Investigating proteomic profiles of rainbow trout (oncorhynchus mykiss) kidney and liver tissues exposed to low concentrations of waterborne nickel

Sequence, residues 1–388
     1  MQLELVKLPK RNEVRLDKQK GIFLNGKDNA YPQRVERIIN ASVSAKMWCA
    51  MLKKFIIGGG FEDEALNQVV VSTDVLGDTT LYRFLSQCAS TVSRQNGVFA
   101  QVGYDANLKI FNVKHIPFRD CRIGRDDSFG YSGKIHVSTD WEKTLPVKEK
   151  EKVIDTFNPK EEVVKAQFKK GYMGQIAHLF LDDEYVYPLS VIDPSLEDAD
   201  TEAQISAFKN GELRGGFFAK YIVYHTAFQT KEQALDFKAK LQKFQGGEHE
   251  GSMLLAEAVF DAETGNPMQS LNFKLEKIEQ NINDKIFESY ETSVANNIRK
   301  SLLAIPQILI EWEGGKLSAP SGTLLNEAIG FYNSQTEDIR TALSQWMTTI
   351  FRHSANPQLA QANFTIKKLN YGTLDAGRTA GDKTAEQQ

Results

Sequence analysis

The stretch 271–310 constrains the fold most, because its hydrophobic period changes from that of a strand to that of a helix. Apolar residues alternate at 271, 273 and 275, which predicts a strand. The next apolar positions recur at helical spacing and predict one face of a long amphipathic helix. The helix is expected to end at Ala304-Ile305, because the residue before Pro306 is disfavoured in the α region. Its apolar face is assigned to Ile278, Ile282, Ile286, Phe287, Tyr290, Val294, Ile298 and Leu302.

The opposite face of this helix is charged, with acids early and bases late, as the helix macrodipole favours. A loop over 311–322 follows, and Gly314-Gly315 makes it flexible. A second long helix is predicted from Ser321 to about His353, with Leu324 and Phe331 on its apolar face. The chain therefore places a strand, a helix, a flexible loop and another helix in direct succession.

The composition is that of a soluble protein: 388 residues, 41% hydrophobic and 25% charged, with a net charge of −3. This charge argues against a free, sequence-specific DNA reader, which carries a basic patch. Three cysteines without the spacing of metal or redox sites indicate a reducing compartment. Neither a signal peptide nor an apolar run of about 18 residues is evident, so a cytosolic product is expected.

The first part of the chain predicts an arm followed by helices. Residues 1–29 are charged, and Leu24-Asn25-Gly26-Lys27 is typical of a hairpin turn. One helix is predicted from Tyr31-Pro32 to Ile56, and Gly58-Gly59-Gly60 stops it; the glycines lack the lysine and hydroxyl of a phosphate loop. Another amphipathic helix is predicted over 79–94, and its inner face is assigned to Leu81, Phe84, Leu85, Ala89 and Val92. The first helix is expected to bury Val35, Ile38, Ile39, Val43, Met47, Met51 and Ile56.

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Nickel has become a component of natural freshwater that may pose serious ecological risks to aquatic wildlife. Due to Canada’s significant presence in producing and exporting nickel, the country has the opportunity to negatively impact aquatic watersheds and the surrounding environment. We examined changes in protein profiles of kidney and liver tissues of rainbow trout using untargeted proteomics to study the impacts of low concentration nickel (1 - 46 ppb). Findings suggest that the organs’ proteomes showed fewer significant protein changes compared to non-lethal and non-invasive sample types (e.g. epidermal mucus and blood plasma) with regard to nickel toxicity. The proteome of the kidney as compared to the liver was more significantly affected by nickel. Additionally, findings suggest that proteins involved in the regulation of biological and cellular processes were impacted and that the kidney proteome of rainbow trout is sensitive to low concentrations of nickel.